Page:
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From: B. Harris)
Subject: Re: The Patients' Bill of Rights (was Backlash against HMOs: a 
	declaration of war)
Date: 13 Apr 1999 01:35:16 GMT

In <7esi5c$7tr$> (George
Conklin) writes:

>   Community hospitals do a heavy load of charity care yet
>do not get the Medicare money at all.

    What universe do you live in, George?  The only charity care
community hospitals do is ER care that they are forced by law to do.
They transfer stable indigent or poor non-insured non-medicaid patients
to county hospitals as fast as they can.  And not a few close their

From: B. Harris)
Newsgroups: misc.consumers,misc.consumers.frugal-living,talk.politics.medicine,
Subject: Re: Disappointed and confused--don't know what to do
Date: 24 Apr 1999 09:05:43 GMT

In <> Bret Wood
<> writes:

>"Steven B. Harris" wrote:
>>     I consider that every citizen is protected by medicaid as the
>> ultimate medical insurance backup, if they cannot pay out of pocket.
>You didn't say protected, you said COVERED.  And that is a bald-faced

    Semantics.  If you want to argue that being legally entitled to
benefits if you must have them and can't do it yourself, does not count
as actual coverage, be my guest.  It quacks like a duck to me.

>Anyway, there is more to qualifying for medicaid than just a minimum
>asset level.  Many people who have jobs which don't include insurance
>would have to quit their job in order to qualify.  Most married
>couples can NEVER qualify unless one they get divorced, or one of
>them is disabled.  Single men (to the best of my knowledge) don't
>qualify unless they can get on SSI, which requires at least a
>year of disability before they will even accept an application.
>And then you need to be on SSI for ANOTHER year after your acceptance
>before medicaid kicks in.  I guess if you become disabled, and lose
>your job and your insurance, you CAN get medicaid.  As long as you
>can wait TWO YEARS for the damn insurance to kick in.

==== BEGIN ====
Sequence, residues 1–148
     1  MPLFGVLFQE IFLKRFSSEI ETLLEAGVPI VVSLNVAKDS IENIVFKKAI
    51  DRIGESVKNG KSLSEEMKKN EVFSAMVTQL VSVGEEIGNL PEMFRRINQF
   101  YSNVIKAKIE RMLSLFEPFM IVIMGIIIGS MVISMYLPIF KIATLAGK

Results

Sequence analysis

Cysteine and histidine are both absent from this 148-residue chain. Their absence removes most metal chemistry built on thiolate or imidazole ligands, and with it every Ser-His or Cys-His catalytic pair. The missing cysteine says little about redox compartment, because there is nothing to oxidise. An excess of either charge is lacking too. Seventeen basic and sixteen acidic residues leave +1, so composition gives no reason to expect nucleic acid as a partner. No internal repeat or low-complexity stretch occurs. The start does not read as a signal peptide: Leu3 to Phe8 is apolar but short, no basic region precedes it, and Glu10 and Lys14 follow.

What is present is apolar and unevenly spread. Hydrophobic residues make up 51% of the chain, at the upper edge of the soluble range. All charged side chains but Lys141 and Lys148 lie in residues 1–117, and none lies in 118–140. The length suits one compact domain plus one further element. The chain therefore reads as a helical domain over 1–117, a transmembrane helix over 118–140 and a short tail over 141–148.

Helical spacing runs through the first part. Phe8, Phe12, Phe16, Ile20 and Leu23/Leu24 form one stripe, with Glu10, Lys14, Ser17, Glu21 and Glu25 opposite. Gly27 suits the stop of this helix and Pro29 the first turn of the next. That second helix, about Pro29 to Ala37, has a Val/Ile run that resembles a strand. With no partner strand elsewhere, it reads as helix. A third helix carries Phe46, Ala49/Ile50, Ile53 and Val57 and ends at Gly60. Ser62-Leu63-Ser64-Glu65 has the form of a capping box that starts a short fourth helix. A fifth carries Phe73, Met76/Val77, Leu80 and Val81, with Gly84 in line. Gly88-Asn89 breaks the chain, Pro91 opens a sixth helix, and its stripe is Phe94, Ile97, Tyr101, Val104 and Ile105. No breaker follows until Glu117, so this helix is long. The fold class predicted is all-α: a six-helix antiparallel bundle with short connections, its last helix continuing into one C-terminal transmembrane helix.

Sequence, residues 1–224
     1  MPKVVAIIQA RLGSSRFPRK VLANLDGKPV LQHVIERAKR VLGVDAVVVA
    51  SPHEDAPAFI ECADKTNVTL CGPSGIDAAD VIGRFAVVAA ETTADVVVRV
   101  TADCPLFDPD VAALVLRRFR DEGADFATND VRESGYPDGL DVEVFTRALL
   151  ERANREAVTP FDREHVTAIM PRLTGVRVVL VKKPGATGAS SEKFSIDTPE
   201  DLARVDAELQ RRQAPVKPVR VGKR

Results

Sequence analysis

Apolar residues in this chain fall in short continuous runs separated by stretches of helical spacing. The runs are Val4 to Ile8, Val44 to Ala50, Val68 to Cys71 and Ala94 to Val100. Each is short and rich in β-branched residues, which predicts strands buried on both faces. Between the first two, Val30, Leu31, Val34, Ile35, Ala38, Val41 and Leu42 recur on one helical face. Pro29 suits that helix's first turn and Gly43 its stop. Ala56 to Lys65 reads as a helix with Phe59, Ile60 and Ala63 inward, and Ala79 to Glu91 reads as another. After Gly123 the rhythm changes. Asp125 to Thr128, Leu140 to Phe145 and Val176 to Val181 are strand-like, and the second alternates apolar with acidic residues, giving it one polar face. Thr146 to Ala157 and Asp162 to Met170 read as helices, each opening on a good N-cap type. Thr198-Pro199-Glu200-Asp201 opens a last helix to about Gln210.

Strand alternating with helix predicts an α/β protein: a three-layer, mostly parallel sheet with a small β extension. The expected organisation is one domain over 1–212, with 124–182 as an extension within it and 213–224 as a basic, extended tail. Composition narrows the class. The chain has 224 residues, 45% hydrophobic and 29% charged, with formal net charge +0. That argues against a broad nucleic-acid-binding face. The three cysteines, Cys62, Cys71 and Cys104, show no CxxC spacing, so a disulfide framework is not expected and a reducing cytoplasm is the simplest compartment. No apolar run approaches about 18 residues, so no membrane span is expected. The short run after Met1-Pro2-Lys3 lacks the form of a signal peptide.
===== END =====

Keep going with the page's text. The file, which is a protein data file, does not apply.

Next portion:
>Your dishonesty is rising to the level of your arrogance.

    This is a country where poor women take their kids to the local ER
for the sniffles.  And the local winos go there too, when they fall and
get cut.  All are treated.  I've been there and watched it.  And done
it-- I once, at Orthopedic Hospital in Los Angeles in 1986, was
moonlighting in the little ER when two victims of a driveby shooting
were dropped off by gang members who didn't know we weren't a big
trauma center, and didn't really have facilities to treat two young men
with their faces full of shotgun pellets, and both (needless to say)
blind.  The kind who are supossed to be dying on the street outside,
remember?  After the orthopedic resident and I trach'ed one drowning
guy while he coughed blood in our faces, we called "Big County"
hospital (LA County at USC) to take them.  "Are they stable for
transfer?"  "Hell no, they're not stable for transfer! That's why
you're taking them!"  They took them.  Any ER in the country has to sit
there and take it, though most don't have the luxury of transporting
unstable patients, as we did.  Which is part of why your hospital bill
is so high.  Which is part of why you are now uninsurable.  In a sense,
you are arguing that we have the system which already exists, and which
is responsible for problems which want you to change the system to be
even worse.  As I've said, you've shot yourself in the foot on that
one.  I suggest a visit to an ER.

                                     Steve Harris, M.D.

From: B. Harris)
Newsgroups: misc.consumers,misc.consumers.frugal-living,talk.politics.medicine,
Subject: Re: Disappointed and confused--don't know what to do
Date: 24 Apr 1999 09:37:58 GMT

In <>
(Karen Wheless) writes:

>> One way or another, people who need medical care badly will get it.
>> Nobody lies in the street and dies. It's just that you can't get
>> really expensive medical care and own a lot of stuff, and keep it,